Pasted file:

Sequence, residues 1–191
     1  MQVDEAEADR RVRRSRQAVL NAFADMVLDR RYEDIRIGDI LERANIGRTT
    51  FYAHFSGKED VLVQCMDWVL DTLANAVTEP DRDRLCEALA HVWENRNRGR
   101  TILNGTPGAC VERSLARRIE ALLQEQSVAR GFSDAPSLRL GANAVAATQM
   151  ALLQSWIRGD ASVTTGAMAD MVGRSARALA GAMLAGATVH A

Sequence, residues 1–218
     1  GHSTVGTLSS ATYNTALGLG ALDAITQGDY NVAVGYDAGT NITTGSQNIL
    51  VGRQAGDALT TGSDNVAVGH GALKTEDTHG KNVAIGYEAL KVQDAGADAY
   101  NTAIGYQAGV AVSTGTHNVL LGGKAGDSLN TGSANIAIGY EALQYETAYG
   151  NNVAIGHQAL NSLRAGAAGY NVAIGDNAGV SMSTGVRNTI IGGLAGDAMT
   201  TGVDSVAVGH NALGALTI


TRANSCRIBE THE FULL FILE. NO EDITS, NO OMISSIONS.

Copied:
Sequence, residues 1–191
     1  MQVDEAEADR RVRRSRQAVL NAFADMVLDR RYEDIRIGDI LERANIGRTT
    51  FYAHFSGKED VLVQCMDWVL DTLANAVTEP DRDRLCEALA HVWENRNRGR
   101  TILNGTPGAC VERSLARRIE ALLQEQSVAR GFSDAPSLRL GANAVAATQM
   151  ALLQSWIRGD ASVTTGAMAD MVGRSARALA GAMLAGATVH A

Sequence, residues 1–218
     1  GHSTVGTLSS ATYNTALGLG ALDAITQGDY NVAVGYDAGT NITTGSQNIL
    51  VGRQAGDALT TGSDNVAVGH GALKTEDTHG KNVAIGYEAL KVQDAGADAY
   101  NTAIGYQAGV AVSTGTHNVL LGGKAGDSLN TGSANIAIGY EALQYETAYG
   151  NNVAIGHQAL NSLRAGAAGY NVAIGDNAGV SMSTGVRNTI IGGLAGDAMT
   201  TGVDSVAVGH NALGALTI